John Ferry

The SNP’s desperate bid to save sterlingisation

The SNP’s desperate bid to save sterlingisation
(Photo: Getty)
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‘I hope the sterlingisation zombie now has a stake through the heart,’ tweeted SNP delegate Tim Rideout after getting his resolution on ‘The Scottish Reserve Bank Establishment Bill’ passed at his party’s conference last weekend.

Rideout sits on the SNP’s policy committee and is part of a faction challenging the SNP leadership’s plan for Scotland to informally use the pound for a prolonged period after secession – a policy known as sterlingisation. This faction wants to see Scotland establish a new currency, controlled by a new Scottish central bank, as soon as possible after exit day.

In his conference speech, Rideout was blunt. ‘No advanced economy has ever sought to use the currency of another nation,’ he said, adding: ‘To try to do so would be to start probably the most dangerous experiment in global monetary history.’ To his credit, he made some good points.

The SNP member is right to recognise the dangers of Nicola Sturgeon’s sterlingisation policy. Severing the Scottish economy from the Bank of England at the stroke of midnight on secession day, leaving Scotland with the type of monetary system used by small emerging market economies, has warning signs written all over it. If it didn’t lead to an economic crisis in the build-up to Scotland’s exit from the UK – as people, companies and capital flee in anticipation of what is about to hit them – then it would certainly lead to one afterwards.

Did the SNP leadership listen? Have they ditched sterlingisation? It appears not. Rideout’s motion was sufficiently amended for sterlingisation to effectively remain the party’s policy, albeit with lots of muddying of the waters to make the new-currency faction feel like they’ve made progress.

The SNP leadership’s determination to hold onto sterlingisation even though a notable segment of the nationalist base (the Scottish Greens and Alex Salmond’s Alba Party are also against it) are calling it out as dangerous might at first seem odd. After all, in the build-up to the 2014 referendum, Sturgeon and Salmond’s Fiscal Commission of economic experts made it clear that such a system has big drawbacks.

In a 2013 assessment of monetary options, the Fiscal Commission correctly noted that sterlingisation would mean:

‘the Scottish Government would have no input into governance of the monetary framework and only limited ability to provide liquidity to the financial sector – this would depend on the resources and reserves of the country. The amount of currency available would depend almost entirely on the strength of the Scottish Balance of Payments position.’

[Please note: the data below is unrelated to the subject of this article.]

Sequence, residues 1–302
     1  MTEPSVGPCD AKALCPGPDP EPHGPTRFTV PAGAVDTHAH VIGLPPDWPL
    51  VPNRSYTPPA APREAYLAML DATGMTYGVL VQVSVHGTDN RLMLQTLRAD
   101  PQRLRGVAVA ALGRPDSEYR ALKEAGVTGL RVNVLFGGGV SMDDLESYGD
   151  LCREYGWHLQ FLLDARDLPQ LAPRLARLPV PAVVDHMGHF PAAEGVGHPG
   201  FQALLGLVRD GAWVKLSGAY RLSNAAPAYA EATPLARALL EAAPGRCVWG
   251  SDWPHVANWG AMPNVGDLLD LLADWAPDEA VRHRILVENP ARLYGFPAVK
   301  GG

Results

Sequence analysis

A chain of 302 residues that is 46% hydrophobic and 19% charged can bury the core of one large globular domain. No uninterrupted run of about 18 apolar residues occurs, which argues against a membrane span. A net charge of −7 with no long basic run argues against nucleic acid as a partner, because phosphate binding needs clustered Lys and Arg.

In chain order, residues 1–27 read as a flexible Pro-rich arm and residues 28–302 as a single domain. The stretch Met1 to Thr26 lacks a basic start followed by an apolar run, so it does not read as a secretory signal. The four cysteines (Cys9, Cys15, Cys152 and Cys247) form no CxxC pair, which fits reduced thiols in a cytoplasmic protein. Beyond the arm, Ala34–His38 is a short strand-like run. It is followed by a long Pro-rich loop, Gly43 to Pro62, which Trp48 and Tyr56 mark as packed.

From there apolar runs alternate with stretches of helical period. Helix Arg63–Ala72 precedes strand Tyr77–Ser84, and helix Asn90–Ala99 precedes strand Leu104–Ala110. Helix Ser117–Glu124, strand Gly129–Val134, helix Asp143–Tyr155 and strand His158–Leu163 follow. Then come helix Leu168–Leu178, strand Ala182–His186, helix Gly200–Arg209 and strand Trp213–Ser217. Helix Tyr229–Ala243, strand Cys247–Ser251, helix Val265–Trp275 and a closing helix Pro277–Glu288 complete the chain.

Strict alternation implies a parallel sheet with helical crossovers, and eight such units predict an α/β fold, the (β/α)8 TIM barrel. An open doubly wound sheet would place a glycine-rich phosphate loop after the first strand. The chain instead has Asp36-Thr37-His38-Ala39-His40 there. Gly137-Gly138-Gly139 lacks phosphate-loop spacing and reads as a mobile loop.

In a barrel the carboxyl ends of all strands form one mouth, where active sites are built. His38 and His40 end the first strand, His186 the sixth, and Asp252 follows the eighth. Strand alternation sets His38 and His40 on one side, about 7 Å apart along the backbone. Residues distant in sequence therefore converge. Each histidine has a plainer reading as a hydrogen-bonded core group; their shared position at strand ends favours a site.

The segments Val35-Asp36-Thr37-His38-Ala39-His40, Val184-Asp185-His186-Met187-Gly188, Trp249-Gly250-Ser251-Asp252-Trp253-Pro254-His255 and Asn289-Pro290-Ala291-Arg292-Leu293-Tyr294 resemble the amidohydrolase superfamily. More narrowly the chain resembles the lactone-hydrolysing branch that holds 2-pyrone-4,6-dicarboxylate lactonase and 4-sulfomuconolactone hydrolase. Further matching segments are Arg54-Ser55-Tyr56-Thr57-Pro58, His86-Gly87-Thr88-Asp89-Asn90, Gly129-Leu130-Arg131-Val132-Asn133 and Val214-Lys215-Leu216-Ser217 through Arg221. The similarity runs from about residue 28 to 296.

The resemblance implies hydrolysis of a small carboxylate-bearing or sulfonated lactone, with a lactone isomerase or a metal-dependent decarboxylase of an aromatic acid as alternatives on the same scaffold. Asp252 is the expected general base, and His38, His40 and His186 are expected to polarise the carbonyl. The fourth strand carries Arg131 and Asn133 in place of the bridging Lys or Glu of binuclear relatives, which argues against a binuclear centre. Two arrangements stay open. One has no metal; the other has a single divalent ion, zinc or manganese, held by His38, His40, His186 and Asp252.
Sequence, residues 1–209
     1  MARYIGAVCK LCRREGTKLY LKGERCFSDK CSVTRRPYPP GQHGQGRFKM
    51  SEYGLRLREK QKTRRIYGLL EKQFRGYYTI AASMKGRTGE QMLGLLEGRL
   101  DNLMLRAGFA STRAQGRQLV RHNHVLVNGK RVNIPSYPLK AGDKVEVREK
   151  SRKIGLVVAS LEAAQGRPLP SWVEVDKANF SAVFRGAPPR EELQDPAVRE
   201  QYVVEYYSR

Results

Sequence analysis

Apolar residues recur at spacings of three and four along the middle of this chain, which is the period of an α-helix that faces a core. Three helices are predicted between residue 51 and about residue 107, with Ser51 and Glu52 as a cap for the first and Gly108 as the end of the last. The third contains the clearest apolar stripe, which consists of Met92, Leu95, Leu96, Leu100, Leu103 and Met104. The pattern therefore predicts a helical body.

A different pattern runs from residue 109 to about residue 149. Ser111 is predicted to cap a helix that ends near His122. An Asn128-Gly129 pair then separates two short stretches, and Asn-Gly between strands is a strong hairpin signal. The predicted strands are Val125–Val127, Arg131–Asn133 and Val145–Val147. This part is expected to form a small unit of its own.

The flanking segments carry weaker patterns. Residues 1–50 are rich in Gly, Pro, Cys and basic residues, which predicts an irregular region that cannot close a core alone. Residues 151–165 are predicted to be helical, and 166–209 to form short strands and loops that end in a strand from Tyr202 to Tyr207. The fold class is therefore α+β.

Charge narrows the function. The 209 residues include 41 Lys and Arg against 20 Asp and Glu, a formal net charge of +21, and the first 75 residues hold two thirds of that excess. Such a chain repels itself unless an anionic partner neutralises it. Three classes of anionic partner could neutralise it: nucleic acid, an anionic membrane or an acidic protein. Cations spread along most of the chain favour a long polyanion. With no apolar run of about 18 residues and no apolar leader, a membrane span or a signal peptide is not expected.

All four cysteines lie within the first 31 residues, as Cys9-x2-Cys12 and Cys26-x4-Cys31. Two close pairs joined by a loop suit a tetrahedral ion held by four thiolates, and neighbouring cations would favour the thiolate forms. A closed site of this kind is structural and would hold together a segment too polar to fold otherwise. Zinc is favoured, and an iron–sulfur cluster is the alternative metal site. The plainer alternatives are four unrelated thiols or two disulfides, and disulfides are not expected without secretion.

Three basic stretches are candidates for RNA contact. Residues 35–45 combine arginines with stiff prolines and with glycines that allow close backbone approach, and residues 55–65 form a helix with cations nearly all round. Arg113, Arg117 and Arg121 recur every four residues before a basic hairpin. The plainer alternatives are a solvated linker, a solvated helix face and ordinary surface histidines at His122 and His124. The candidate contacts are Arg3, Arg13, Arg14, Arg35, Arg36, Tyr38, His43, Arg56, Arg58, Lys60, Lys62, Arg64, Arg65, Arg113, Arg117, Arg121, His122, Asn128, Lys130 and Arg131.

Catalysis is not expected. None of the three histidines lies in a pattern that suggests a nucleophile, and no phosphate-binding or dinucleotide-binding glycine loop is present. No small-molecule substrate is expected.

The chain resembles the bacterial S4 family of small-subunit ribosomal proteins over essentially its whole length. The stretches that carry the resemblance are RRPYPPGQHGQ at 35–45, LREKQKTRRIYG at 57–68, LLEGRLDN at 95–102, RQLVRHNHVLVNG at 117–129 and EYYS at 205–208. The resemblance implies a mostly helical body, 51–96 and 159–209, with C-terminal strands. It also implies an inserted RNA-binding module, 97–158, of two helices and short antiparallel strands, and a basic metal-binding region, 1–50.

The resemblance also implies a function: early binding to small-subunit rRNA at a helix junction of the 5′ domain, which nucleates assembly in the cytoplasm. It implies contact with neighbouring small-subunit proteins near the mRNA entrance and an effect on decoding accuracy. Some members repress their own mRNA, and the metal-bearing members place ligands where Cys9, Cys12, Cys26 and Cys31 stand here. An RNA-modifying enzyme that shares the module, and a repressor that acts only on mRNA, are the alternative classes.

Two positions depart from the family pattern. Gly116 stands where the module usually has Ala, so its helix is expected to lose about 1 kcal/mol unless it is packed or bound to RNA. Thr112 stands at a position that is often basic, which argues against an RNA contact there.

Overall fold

The SNP’s about-turn came in 2018 when the SNP’s Growth Commission, tasked with updating the economic case for breaking away, opted for prolonged sterlingisation instead of a new currency. Since then, polling has demonstrated that the vast majority of Scots oppose a separate currency, and that support for independence would fall if it means ditching the pound.

Sterlingisation is, therefore, favoured by the SNP purely on political grounds. The economics of it are pretty much irrelevant.

The reality of the currency question for the SNP is that it is an intractable problem. There is no currency solution that allows for part of an advanced economy to safely remove itself from an established, deep-rooted national monetary base. Successful monetary system transitions in modern economies can only take place when all involved parties are incentivised to make the switch work, and when a carefully structured plan is agreed and then enacted upon in unison — such as the phased introduction of the euro in the early 2000s following a decade of preparation.

Scotland exiting the UK would not be like this. As with Brexit, it would see a small part of a large union cutting itself off from existing systems that underpin the functioning of its economy, while the remaining part keeps those systems and has little incentive to work towards a trouble-free transition for the leaver. Unlike Brexit, however, the implications of cutting away from a monetary and fiscal union as well as a free trade area make Scexit a far more serious — and risky — proposition.

The SNP’s campaigning strategy therefore is to stick with sterlingisation no matter what. There is no right way, so the only way is to pick the option that gives them the most pain-free doorstep pitch, and to hell with the real-life consequences for people. The economic consequences of separation might have become objectively starker (Scotland’s fiscal deficit was 6.4 per cent of GDP in 2013/14 and is currently running at over 20 per cent of GDP) but that just means doubling down on the big lie that sterlingisation equates to continuity and a risk-free transition.

The new currency faction within the SNP, deluded as they are by their own currency dreams, at least perform an important public service in highlighting the dangers of their leadership’s plan. The Sturgeon administration will try to neutralise them while avoiding debate on the issue outside the party. They shouldn’t get away with it.

Written byJohn Ferry

John Ferry is a contributing editor for the think tank These Islands and a former financial journalist

Topics in this articlePoliticsScotland